From: Cathy Ross (crossAToxfamamerica.org)
I live in Lima and I wanted to alert you to a new meaning of the term "cabana" in Peru. Cabana happens to be the name of the poor fishing town where President Alejandro Toledo, the first Peruvian president of indigenous origins, grew up as a boy. Since Toledo is famous for perennially arriving at meetings late, sometimes hours late, Peruvians are now referring to "la hora Cabana" or "Cabana time" to signify extreme tardiness or an excessively relaxed schedule.
From: Dennis Ference Susan Toy (theviewATcaribsurf.com)
Thank you for the Word A Day emails, Anu. I am writing from the island of Bequia (pronounced "beck-way") in the country of St. Vincent & the Grenadines, a multi-island state in the Eastern Caribbean. The country is proud to include a small group of islands that make up an area in the Southern Grenadines called the Tobago Cays, undoubtedly one of the most beautiful group of cays in the world and perhaps everyone's dream of the perfect Caribbean panorama. We pronounce cay "kee" here.
From: Jesse Sequoyah Taylor (chiefsequoyahATjuno.com)
I was born and raised in the Western US where we have a great culture based upon rugged individuality and outdoorsmanship. In subscribing to AWAD today I was intrigued by this week's theme of English/Spanish word borrowings. Many of the words unique to the 'Old West' still in use today are words borrowed from the Mexican Vaqueros:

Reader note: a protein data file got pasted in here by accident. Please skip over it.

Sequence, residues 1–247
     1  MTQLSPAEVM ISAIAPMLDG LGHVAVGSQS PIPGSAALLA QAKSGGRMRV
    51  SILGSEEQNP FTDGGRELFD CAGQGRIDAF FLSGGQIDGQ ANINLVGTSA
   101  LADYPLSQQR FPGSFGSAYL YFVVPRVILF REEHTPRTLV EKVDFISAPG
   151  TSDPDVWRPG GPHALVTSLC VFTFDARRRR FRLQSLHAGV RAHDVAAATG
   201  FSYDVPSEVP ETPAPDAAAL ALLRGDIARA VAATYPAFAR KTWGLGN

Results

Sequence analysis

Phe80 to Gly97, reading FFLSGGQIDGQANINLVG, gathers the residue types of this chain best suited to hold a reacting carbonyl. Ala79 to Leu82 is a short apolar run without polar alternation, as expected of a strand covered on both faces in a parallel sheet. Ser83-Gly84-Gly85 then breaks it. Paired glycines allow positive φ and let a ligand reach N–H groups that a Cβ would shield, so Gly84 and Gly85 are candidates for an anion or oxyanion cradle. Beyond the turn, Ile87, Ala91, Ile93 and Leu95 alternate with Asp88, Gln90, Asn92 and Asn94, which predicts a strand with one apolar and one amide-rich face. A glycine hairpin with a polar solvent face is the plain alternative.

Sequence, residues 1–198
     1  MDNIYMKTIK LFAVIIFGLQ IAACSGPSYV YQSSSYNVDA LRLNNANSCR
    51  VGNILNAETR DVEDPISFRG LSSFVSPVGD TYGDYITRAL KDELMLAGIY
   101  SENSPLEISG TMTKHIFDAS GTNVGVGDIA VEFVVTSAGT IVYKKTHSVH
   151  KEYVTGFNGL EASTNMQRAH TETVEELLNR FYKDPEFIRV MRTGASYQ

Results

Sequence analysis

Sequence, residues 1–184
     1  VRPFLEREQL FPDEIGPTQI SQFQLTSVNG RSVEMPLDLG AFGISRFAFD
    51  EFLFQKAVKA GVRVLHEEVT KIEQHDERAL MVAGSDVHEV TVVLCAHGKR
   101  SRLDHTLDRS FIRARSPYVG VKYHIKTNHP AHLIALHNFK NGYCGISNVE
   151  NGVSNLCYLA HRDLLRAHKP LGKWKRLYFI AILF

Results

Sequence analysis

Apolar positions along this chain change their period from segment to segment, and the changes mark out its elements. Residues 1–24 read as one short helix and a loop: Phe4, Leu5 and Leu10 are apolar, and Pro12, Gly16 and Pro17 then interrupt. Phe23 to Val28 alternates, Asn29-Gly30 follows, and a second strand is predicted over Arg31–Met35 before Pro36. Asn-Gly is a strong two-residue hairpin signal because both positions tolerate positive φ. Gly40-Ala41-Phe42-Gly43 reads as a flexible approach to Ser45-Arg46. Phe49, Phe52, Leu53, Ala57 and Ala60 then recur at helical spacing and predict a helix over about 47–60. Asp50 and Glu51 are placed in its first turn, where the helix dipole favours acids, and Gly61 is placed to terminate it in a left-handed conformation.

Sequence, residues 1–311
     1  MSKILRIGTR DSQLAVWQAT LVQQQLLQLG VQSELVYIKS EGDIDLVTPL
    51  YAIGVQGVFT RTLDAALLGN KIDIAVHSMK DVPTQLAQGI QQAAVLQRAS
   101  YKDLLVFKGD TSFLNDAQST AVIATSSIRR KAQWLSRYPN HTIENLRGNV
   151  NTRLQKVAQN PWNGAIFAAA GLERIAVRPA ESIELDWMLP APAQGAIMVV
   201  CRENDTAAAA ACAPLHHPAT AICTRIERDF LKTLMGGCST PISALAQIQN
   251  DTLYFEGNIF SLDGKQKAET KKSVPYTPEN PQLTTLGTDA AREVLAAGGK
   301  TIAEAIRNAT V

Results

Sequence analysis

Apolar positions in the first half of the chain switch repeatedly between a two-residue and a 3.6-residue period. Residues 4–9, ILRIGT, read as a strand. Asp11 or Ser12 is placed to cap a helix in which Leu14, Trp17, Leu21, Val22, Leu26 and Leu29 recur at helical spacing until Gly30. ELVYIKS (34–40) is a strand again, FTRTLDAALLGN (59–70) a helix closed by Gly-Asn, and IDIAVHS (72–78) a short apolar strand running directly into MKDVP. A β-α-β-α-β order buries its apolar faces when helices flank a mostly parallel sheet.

lariat= la reata (rope/whip)
Colorado= colorado (red/colorful rocks)
Most other common foods and places have retained their original Spanish/Mexican meaning.
From: Lindsay Smith (ljsmithATmelbpc.org.au)
Belatedly catching up on my word(s) of the day. Re American influence, I test children's vision and over the last ten years besides coming in wearing baseball caps they pronounce the last letter of the alphabet now as "Zee" rather than the traditional "Zed".
All slang is metaphor, and all metaphor is poetry. -G.K. Chesterton, writer (1874-1936)